What I doDr. Trisha Raque is an Associate Professor in the Counseling Psychology Department at the University of Denver. She is a member of the American Psychological Association and the Chair of the APA Division 17 Health Psychology Section. She serves on the Editorial Board of the Journal of Counseling Psychology and Journal of Career Assessment.
Dr. Raque's areas of research include cancer survivorship (i.e., psychological and relational well-being of cancer survivors, career development of psycho-oncology care providers), navigating work after cancer, access to decent work, positive health psychology, and the centrality of sociocultural systems that intersect with health and career development. She applies social justice principles and intersectionality to cancer survivorship with research and advocacy focused on the nexus of cancer with identities such as gender, sexual orientation, and social class. Dr. Raque has an active research lab comprised of MA and PhD students.
cancer survivorship, health psychology, career development
Dr. Trish Raque received her PhD in Counseling Psychology from the University of Maryland in 2013, and a Master's in Counseling from Georgia State University in 2007. She completed her pre-doctoral internship at the University of Maryland Counseling Center, and is a licensed psychologist in the state of Colorado. Previously, she worked as an archivist and a reference librarian, and has a Master's in Library and Information Science from University of South Carolina (2003). Her undergraduate degree was in History and Russian from University of Kentucky (2000).
- Ph.D., Counseling Psychology, University of Maryland, 2013
- MA, Counseling Psychology, University of Maryland, 2009
- MS, Counseling, Georgia State University, 2007
- MLIS, University of South Carolina, 2003
- BA, History, University of Kentucky, 2000
Licensure / Accreditations
- Licensed Psychologist
- American Psychological Association
Dr. Raque's research is in the area of cancer survivorship, including conducting a clinical intervention on mindfulness and positive psychology based approaches to improving the well-being of cancer patients, survivors, and caregivers. She also conducts research on the intersection of cancer and work, and aims to increase awareness of how we can better support cancer survivors' career development. She have a broad research interest in women's health, which has included projects on self-compassion for promoting positive body image and psychological well-being. As someone interested in integrated health and interprofessionalism, I am also involved in research on the career development of those working in integrated health settings. Throughout her research endeavors, Dr. Raque applies intersectional, social justice, and anti-racism frameworks.
Areas of Research
- Meaningful Work as a Predictory of the Mental and Physical Health of Cancer Survivors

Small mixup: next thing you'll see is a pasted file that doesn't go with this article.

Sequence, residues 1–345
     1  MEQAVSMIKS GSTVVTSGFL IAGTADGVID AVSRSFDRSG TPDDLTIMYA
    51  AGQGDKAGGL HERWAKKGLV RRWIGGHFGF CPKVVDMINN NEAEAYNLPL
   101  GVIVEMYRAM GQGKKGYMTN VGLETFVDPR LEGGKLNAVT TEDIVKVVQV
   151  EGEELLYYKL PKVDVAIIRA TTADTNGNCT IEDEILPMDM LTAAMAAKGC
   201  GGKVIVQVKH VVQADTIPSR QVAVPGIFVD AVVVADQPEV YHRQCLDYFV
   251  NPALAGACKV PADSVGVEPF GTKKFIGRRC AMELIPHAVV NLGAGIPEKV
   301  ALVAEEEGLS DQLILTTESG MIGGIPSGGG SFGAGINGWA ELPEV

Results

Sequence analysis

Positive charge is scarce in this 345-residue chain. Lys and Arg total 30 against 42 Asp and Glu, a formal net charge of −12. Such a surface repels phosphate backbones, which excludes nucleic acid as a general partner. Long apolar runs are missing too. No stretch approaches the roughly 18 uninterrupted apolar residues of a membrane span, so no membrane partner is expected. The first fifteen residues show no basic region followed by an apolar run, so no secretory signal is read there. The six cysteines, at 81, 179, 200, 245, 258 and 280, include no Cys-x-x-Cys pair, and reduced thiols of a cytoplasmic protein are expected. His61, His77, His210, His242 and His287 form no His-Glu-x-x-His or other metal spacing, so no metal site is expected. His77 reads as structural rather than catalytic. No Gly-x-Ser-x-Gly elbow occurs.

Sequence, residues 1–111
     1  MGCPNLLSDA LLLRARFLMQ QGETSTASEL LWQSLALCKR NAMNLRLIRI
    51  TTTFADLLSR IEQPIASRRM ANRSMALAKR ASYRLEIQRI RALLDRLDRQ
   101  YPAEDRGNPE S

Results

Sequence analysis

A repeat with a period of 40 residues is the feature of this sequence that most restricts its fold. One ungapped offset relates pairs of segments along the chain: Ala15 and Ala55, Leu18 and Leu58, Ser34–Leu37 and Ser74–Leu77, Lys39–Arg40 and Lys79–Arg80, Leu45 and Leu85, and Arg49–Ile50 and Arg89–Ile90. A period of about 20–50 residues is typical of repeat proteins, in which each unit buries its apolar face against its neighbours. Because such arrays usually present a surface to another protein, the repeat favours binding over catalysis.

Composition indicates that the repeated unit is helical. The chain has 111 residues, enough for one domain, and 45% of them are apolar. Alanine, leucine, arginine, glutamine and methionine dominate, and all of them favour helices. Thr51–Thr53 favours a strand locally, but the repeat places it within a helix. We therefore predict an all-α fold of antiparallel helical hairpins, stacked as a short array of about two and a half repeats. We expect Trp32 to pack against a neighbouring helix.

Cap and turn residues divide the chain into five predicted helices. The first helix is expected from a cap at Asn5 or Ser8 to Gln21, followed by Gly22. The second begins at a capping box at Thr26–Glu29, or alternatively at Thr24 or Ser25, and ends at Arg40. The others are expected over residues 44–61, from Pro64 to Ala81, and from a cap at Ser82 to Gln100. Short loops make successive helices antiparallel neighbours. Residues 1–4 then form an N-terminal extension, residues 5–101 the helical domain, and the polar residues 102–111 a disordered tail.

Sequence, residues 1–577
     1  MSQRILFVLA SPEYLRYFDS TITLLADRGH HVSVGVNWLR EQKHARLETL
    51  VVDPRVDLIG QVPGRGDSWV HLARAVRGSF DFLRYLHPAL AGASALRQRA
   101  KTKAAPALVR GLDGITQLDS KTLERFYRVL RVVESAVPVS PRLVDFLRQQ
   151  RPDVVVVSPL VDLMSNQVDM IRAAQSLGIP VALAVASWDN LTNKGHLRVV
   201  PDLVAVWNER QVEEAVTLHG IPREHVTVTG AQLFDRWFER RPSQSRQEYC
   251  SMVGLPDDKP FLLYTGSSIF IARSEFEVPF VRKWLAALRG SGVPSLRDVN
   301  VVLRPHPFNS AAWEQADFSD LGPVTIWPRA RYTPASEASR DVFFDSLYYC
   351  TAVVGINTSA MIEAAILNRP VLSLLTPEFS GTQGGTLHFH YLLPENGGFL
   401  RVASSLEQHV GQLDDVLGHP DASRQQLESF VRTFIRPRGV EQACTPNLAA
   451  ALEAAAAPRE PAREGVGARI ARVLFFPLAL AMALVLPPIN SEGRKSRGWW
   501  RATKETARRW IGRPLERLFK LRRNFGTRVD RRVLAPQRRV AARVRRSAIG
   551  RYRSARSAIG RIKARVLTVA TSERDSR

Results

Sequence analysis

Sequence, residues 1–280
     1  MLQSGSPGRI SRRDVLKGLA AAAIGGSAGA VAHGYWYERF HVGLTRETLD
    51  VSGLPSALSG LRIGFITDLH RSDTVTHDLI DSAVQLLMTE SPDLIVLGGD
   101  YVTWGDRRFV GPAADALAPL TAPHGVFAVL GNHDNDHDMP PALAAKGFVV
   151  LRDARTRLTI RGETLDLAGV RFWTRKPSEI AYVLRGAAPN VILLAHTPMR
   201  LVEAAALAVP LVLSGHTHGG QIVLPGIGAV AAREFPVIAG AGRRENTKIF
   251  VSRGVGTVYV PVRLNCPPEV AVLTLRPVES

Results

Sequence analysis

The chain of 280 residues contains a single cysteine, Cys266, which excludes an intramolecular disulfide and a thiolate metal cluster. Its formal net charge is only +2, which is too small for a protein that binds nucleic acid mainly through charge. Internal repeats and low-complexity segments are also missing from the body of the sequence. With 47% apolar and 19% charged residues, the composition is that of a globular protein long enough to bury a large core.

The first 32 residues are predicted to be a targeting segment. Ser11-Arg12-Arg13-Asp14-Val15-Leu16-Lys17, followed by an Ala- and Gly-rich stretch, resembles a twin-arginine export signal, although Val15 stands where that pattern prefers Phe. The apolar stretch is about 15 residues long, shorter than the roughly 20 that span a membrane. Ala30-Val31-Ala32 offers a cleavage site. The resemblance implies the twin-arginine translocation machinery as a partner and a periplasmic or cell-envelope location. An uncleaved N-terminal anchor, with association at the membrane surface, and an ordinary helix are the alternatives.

(2021). Integrating Multicultural Orientation into cancer care for sexual and gender minorities: A new paradigm for leadership, practice, and research. Annals of LGBTQ Public & Population Health..
(2021). "It's just not comfortable to exist in a body:" Transgender/gender nonbinary individuals' experiences of body and eating distress during the COVID-19 pandemic. Psychology of Sexual Orientation and Gender Diversity..
(2019). Test of a social cognitive model of well-being among breast cancer survivors. Journal of Health Psychology, 24, 661-670..
(2019). Meta-ethnography of cancer survivors' loneliness: Layers of silencing. Journal of Cancer Survivorship, 13, 21-33..
(2019). A randomized controlled study of writing interventions on college women's positive body image. Mindfulness, 10, 66-77..
(2018). Everything is more critical: A qualitative study of the experiences of young breast cancer survivors. Counseling and Values, 63(210-231)..
(2021). Exploring the role of self-compassion in the life meaning and vigor of cancer patients, survivors, and caregivers. Accepted for presentation at European Conference on Positive Psychology. Reykjavik, Iceland. ..
(2021). Integrating Multicultural Orientation into counseling health psychology practice & research: Moving from downstream to upstream. Online: American Psychological Association annual convention ..
(2021). Impact of COVID-19 on women healthcare providers and psychologists: Naming the effects of the invisible loads. American Psychological Association annual convention. Online..
(2020). A meta-ethnography of the impact of cancer on the relational well-being of lesbian and queer women and their partners. American Psychosocial Oncology Society. Portland, OR..
(2019). Applying Relational-Cultural Theory to address cancer, disconnection, and intersecting identities. American Psychological Association. Chicago, IL..
(2019). Cancer and Women's Intersecting Identities: A Case Example from Three Theoretical Frameworks. . American Psychological Association. Chicago, IL..
(2020). A qualitative study of the impact of cancer on work life and career development: The importance of choice. American Psychosocial Oncology Society. Portland, OR..
(2020). Activating Happiness through mindfulness, self-compassion, gratitude, and strengths: Exploring a group intervention for cancer patients and survivors. American Psychosocial Oncology Society. Portland, OR..
(2019). Making work matter for cancer survivors: The potential roles of counseling psychologists. American Psychological Association. Chicago, IL..
(2018). Application of Relational-Cultural Theory for Loneliness in Older Cancer Survivors. American Psychological Association. San Francisco, CA..
- Faculty Career Champion Nomination
- Faculty Career Champion Nomination